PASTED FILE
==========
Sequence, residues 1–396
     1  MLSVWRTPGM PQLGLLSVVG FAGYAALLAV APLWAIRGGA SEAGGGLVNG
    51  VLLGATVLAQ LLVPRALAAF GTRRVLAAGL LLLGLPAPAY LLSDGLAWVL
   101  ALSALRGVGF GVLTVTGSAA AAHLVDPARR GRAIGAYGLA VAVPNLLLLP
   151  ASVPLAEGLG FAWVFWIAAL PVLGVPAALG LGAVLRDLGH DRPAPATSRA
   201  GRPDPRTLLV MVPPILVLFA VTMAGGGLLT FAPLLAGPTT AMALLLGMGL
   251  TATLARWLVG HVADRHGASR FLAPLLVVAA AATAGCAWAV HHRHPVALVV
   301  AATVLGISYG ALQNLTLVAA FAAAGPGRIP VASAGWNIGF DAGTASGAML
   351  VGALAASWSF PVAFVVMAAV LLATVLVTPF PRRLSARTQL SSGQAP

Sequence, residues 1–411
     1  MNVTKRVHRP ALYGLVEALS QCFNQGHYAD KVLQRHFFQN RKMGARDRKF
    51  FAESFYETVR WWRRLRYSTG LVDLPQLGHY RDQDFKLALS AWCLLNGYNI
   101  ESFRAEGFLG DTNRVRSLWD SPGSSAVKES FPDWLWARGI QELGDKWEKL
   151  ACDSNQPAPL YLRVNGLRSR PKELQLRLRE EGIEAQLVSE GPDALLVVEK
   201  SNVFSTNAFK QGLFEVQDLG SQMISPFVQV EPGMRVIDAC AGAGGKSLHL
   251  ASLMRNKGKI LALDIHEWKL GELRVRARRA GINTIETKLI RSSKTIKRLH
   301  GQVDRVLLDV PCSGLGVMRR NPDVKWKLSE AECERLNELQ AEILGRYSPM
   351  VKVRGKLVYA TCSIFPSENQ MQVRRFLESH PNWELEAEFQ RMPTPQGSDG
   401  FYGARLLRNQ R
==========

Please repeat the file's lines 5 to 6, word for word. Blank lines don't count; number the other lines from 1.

   151  ASVPLAEGLG FAWVFWIAAL PVLGVPAALG LGAVLRDLGH DRPAPATSRA
   201  GRPDPRTLLV MVPPILVLFA VTMAGGGLLT FAPLLAGPTT AMALLLGMGL